As the bus went forwards and backwards repeatedly, Sir Brian suddenly stood up from his seat at the front of the vehicle. “Look lads, look at that tiny little clubroom,” he said loudly, turning to the players, these superstars of the global game. Even though the visit had gone better than anyone could have hoped for up to that point, the sole Letterkenny RFC representative on the bus experienced a swift return to earth. Here it came - our lowly place in the rugby firmament was something just too obvious to escape the notice of such illustrious guests. Not a chance of it. “You’ve been in the changing rooms at Twickenham, with all their luxury, you’ve been in the Millennium Stadium and you’ll be back in Landsdowne Road in a few days’ time,” Sir Brian continued, “but it’s places like that where we all started out. Places like this are the heart and soul of our game whether it’s New Zealand or Ireland or anywhere else for that matter and it’s right that we are here to support it.”
There may have been a ceremony that followed in Letterkenny Institute of Technology’s cavernous arena, attended by thousands, who gave such a warm welcome that All Black captain Tana Umaga became too emotional to speak. There was an impromptu training and skills session involving All Blacks and kids who were pinching themselves at being so close to and interacting with legends of the game. There was the sight of Joe Rococoko and Jerry Collins taking pictures of the crowd that thronged every vantage point to welcome them to Ramelton later that evening. When you see the celebrities photographing those who turn out to welcome them rather than the other way around, you know you are part of something memorable. And there were dozens and dozens of other unforgettable moments on a day that was special for everyone involved, including Sir Brian, who enjoyed it thoroughly and told us as much on several occasions.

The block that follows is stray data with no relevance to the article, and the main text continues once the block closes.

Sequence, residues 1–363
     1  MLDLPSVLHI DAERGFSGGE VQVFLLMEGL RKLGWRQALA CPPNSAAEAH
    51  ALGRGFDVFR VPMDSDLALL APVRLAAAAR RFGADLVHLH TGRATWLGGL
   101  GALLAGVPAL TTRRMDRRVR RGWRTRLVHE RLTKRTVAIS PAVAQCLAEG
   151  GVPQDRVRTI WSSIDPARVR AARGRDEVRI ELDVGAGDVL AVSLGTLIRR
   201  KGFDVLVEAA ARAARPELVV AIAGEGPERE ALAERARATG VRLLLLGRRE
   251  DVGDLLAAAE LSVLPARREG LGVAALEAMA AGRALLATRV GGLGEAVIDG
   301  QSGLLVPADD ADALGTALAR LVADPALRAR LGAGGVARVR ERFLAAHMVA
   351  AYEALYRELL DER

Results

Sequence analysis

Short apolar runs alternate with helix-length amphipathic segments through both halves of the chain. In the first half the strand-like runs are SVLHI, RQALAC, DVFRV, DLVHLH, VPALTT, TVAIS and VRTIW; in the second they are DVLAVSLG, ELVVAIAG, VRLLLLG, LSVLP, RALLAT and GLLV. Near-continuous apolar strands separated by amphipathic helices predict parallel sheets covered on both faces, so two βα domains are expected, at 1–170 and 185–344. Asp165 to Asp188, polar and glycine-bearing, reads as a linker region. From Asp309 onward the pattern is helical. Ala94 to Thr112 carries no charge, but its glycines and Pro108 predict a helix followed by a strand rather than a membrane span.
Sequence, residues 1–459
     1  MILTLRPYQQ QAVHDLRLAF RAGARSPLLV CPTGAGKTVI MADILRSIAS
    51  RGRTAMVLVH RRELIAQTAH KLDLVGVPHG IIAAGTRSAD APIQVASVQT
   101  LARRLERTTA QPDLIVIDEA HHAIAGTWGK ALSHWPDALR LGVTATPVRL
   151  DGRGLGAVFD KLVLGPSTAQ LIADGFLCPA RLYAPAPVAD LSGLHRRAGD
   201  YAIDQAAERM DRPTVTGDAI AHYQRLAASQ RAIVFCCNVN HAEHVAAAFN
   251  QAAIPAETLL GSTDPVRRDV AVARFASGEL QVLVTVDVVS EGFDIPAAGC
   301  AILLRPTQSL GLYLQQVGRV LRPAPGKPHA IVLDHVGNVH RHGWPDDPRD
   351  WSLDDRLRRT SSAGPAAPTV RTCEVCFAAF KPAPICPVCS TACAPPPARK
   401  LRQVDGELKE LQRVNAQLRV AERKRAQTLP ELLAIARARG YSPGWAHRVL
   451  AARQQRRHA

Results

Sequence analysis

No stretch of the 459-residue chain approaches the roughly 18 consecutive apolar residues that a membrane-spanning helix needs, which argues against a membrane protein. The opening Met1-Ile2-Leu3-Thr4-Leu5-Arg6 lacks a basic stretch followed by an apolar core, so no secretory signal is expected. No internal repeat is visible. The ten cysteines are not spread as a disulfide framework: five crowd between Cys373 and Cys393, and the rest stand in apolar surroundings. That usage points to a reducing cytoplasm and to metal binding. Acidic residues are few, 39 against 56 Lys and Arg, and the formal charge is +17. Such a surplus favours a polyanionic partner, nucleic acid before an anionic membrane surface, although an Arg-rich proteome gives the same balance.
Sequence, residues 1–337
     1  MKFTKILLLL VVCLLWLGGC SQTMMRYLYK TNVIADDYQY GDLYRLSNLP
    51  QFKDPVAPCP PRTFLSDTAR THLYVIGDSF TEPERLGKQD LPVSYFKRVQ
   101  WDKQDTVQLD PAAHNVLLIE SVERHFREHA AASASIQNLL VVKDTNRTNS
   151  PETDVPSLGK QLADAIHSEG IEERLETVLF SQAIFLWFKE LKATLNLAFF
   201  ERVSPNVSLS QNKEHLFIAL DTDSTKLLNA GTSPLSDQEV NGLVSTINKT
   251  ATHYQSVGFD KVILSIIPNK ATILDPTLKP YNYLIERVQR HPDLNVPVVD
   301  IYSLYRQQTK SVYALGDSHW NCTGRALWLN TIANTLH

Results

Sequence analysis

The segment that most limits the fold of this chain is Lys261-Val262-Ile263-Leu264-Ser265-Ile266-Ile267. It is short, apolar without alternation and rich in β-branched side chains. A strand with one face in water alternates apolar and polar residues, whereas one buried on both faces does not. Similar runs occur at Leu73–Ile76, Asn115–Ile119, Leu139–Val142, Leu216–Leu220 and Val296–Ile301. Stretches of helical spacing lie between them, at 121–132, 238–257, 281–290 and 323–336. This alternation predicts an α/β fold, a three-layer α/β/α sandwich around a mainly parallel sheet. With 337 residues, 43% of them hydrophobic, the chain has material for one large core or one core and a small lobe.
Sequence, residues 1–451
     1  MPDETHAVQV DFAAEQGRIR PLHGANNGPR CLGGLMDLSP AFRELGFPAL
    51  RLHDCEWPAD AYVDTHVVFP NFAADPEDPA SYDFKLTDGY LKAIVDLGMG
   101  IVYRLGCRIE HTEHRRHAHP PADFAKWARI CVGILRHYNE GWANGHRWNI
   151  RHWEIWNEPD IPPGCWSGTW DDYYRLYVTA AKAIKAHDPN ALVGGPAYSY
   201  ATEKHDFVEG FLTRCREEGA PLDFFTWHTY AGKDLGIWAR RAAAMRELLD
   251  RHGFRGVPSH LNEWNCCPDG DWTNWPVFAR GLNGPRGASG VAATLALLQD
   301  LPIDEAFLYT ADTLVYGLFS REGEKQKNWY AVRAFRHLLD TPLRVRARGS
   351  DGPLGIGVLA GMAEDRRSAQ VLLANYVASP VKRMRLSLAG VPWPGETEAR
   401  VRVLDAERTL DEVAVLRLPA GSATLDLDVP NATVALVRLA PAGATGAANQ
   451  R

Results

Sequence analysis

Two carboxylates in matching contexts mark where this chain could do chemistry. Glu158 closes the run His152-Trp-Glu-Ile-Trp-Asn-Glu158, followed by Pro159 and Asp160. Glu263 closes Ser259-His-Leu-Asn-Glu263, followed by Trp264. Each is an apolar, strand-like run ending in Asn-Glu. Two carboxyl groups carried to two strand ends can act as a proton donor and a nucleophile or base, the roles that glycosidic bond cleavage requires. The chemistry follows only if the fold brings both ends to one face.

But nothing was as special as knowing that the reason the All Blacks made that trip to the very edge of the rugby world, bringing no less than four All Blacks captains with them, was not for PR. It wasn’t for headlines. Yes, it was an opportunity to pay tribute to Dave Gallaher, an Irish-born founding father of the All-Blacks. But, as Sir Brian so memorably and unequivocally said, the trip was made to support a club doing its very utmost to promote the sport we all love in a place where it was struggling. And the All Blacks, led by the late great Sir Brian Lochore, made that unexpected trip to County Donegal because they wanted to support rugby people.
Rugby people just like him.